17. Estimation Accuracy with different combinations of traders

  18. Estimation Accuracy Comparison (%) among four approaches

  19. MAIS Price Estimate - SP-15 – Before Crisis

  20. MAIS Price Estimate - SP-15 – During Crisis

  21. Findings • Significant difference between observed market prices and MAIS estimates • May not be explained as a natural outcome of changes in market fundamentals • Price range before crisis • from $0/MWH to $90/MWH • Price range during crisis • from $25/MWH to $400/MWH

  22. Learning Speed

  23. Findings • The learning speeds of agents depend upon the dynamic change of market fundamentals. • Before the crisis, agents can adjust themselves to a market change within a shorter time period because the market is stable and predictable. In contrast, they need a long time for their learning during the crisis because a large market fluctuation occurs in the market.

  24. Agent Behavior in crisis – Type I and Type II Composition

  25. Analysis – Which of these market fundamentals caused the CA crisis? • Increase in Marginal Cost Joskow and Kahn (2002) and Borenstein et al (2002) • Increase in Real Demand (Lee 2004) • Greed of Traders • Electricity withholding by Generators Joskow and Kahn (2002, pp. 19-28) and Borenstein et al. (2002) • Capacity limit in Transmission Lines Joskow and Kahn (2002, p.8) • Competitive Rent Borenstein et al. (2002, p.1397) • A Combination of the above

  26. Zero and One Market Fundamental

  27. Two Market Fundamentals

  28. Findings • Transmission capacity and competitive rent did not have a major influence • 40.46%[= (83.96%-73.06%) / (100%-73.06%)] of the price increase during the crisis was due to an increase in marginal cost • 17.85% [= (88.77%-83.96%) / (100%-73.06%)] to traders’ greediness

  29. Findings • 5.27% [= (90.19%-88.77%) / (100%-73.06%)] to a real demand change • 3.56% [= (91.15%-90.19%) / (100%-73.06%)] to market power (withholding electricity). • The remaining 32.86% is from other unknown market components and an estimation error.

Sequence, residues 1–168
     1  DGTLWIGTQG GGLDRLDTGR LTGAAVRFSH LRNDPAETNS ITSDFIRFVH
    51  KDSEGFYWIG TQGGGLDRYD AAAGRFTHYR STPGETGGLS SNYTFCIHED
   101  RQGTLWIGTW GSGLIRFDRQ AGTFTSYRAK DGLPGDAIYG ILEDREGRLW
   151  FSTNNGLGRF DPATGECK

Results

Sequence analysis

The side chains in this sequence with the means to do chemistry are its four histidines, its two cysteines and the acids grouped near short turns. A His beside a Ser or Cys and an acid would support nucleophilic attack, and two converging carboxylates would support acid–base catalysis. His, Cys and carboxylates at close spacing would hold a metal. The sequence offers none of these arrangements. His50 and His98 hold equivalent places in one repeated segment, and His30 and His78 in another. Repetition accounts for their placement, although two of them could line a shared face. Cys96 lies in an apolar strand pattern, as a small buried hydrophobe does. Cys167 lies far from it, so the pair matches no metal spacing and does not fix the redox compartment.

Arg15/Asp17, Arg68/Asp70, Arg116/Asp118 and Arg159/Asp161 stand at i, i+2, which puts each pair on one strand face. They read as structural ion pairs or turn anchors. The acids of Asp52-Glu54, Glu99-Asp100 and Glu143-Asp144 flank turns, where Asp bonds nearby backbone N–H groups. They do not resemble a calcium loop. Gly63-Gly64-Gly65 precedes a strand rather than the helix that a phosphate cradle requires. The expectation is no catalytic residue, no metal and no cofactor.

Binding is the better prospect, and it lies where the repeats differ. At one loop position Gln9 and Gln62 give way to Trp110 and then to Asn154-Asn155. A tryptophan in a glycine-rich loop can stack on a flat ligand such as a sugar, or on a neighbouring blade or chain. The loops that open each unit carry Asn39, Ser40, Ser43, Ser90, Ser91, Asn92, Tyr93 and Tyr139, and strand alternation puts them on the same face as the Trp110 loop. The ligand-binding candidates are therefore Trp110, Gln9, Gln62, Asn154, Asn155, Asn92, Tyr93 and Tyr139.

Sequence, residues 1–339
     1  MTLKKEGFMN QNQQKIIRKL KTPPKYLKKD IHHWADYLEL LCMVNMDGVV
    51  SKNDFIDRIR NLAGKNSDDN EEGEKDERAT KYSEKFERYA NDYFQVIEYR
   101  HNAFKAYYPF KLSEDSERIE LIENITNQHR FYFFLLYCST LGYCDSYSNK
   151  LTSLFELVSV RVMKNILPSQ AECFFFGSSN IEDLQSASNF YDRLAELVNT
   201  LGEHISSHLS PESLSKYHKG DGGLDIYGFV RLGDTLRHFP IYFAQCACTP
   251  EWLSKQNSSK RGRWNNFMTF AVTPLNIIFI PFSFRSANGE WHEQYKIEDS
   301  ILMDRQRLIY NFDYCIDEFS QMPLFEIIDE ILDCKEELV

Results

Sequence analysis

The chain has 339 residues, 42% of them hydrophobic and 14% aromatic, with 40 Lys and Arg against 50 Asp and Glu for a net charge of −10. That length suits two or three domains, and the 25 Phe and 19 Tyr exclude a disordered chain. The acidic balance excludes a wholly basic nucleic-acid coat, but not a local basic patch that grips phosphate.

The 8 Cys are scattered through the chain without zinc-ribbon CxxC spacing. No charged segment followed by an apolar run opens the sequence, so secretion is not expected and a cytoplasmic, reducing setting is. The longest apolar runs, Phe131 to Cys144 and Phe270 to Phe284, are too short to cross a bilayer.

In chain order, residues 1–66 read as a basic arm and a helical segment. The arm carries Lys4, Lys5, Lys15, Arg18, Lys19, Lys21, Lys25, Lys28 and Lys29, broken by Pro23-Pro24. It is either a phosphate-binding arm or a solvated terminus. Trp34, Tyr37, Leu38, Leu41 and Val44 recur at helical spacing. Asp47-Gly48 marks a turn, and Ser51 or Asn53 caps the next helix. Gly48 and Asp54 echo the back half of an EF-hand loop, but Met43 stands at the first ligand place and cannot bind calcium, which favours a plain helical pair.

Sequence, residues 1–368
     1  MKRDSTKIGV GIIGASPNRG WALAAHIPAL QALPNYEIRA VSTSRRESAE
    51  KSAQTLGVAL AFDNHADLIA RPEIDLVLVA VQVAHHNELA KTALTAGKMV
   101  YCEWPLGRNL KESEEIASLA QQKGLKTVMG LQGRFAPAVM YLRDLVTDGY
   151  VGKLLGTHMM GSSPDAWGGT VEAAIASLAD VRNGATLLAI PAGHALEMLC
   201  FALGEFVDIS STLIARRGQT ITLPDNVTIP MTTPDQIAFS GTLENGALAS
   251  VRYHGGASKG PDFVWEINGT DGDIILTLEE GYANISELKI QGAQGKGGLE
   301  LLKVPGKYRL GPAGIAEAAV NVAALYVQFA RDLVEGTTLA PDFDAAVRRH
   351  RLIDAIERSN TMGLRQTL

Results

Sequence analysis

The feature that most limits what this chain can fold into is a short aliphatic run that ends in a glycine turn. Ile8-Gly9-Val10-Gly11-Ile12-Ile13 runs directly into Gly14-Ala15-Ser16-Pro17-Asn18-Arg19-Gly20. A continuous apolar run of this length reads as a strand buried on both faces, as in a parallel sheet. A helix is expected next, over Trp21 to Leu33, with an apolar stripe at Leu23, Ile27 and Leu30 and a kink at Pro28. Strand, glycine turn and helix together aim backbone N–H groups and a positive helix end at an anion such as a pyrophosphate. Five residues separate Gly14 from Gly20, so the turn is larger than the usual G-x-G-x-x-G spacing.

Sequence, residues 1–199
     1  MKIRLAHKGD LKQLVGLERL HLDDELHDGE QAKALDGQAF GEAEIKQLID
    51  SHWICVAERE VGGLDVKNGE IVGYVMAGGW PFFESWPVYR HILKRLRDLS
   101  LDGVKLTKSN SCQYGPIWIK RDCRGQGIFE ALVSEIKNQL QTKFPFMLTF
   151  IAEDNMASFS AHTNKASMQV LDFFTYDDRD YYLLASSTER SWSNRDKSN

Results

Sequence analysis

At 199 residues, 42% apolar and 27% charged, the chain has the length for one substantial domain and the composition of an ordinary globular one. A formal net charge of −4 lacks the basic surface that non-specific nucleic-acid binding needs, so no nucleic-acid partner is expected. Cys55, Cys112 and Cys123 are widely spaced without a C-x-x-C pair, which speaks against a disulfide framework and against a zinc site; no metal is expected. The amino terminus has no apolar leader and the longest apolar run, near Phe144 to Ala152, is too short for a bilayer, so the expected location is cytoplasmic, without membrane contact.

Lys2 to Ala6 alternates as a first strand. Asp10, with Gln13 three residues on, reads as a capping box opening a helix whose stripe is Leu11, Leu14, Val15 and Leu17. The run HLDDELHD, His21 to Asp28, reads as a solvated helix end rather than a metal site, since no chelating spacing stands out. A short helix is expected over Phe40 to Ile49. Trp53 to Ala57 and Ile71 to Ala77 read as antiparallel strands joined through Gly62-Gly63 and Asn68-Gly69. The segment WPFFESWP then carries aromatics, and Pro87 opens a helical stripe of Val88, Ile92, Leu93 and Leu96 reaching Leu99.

30. Findings • The price hike during the crisis occurred due to an increase in fuel prices and real demand at the level of 45.73% (= 40.46%+5.27%). • The responsibility of energy utility firms (their greediness and a use of market power) was 21.41% (= 17.85%+3.56%). • The increase of fuel price and real demand was twice more influential than the responsibility of energy utility firms in terms of the price hike and large fluctuation during the crisis.

  31. Related Publications • T. Sueyoshi, G.R. Tadiparthi, A Wholesale Power Trading Simulator with Learning Capabilities, IEEE Transactions on Power Systems, 20(3), (2005), pp. 1330 – 1340 • T. Sueyoshi, G.R. Tadiparthi, An Electric Power Trading System: Network-based Framework and Simulator with Learning Capabilities, International Journal of Operations Research, 3(3), (2006), 193-203 • T. Sueyoshi, G.R. Tadiparthi, Agent-based Approach to Handle Business Complexity in US Wholesale Power Trading, IEEE Transactions on Power Systems, 22(2), (2007), 532-543

  32. Related Publications • T. Sueyoshi, G.R. Tadiparthi, An Agent-based Decision Support System for Wholesale Electricity Market, Decision Support Systems, (2008) Vol. 44, No. 2, pp. 425-446. • T. Sueyoshi, G.R. Tadiparthi, Wholesale Power Price Dynamics under Transmission Line Limits: A Use of Agent-based Intelligent Simulator, IEEE Transactions on Systems, Man, and Cybernetics--Part C: Applications and Reviews , (2008), (Forthcoming) • T. Sueyoshi, G.R. Tadiparthi, Why did California Electricity Crisis Occur? A Numerical Analysis Using Multi-Agent Intelligent Simulator, IEEE Transactions on Systems, Man, and Cybernetics--Part C: Applications and Reviews, (2008), (Forthcoming)